Want to know how an airplane works? One of the best ways to find out is actually to build one!
Groups of between ten to twelve young people (usually aged 14 through 18) actually participate in building airplanes under the mentorship of experience EAA Chapter 292 members. The most recent aircraft completed was a two seat Sonex. This airplane flies at one hundred and forty miles an hour and has a range of five hundred miles.
During the construction of the airplane, an effort spanning four years, several of our young builders graduated from high school. One has gone on to become an aircraft mechanic and is working for a major helicopter operation in Oregon. Another has gone to a precision welding school and will pursue a career in airline maintenance. Yet another has entered a degree program with an area of emphasis in engineering.
Teen build familiarizes young people with the construction and engineering of an aircraft, use of specialty tools and helps them build the discipline and commitment to see a complex project to its completion while working with their peers and adult mentors.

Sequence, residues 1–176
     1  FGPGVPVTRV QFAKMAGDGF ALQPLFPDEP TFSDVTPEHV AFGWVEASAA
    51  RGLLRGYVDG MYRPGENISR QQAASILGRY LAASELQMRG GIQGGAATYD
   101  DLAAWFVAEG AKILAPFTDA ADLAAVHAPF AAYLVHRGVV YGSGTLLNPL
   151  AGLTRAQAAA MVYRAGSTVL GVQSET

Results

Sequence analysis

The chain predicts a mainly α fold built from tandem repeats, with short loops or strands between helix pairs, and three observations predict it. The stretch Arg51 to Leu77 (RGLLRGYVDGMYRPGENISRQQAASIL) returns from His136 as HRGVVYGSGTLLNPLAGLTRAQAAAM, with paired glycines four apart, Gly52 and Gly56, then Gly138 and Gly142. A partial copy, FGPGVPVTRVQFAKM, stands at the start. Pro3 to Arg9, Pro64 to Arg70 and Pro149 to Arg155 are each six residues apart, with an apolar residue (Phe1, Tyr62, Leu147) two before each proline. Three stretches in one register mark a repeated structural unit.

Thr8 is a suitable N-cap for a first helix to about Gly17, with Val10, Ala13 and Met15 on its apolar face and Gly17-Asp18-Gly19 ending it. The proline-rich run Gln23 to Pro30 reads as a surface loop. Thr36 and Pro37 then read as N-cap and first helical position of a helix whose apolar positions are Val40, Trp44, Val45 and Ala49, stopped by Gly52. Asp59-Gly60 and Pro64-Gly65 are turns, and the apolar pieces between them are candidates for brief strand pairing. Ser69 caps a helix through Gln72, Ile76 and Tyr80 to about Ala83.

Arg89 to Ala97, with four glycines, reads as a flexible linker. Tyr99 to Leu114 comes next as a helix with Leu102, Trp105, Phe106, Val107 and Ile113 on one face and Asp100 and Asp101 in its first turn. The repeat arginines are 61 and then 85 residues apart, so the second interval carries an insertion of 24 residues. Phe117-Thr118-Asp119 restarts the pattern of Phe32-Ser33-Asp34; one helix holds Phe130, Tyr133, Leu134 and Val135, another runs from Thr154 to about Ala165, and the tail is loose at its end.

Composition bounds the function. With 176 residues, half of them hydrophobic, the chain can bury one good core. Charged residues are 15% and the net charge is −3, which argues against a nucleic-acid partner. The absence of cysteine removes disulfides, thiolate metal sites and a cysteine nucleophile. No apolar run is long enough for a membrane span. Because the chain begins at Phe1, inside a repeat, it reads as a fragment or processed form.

EAA Chapter 292, in conjunction with the Salem RC Pilots Association, helps youth build and fly radio controlled model airplanes. Through gracious donations, the youth who build these aircraft get to keep and fly them. The build process familiarizes the participants with the structure of the aircraft, electronics and servos, engine installation and power management and then, how to fly the airplane. Building a model is a natural first step in the process of building a full sized aircraft. A number of EAA Chapter 292 members started with models, and many still build and fly them.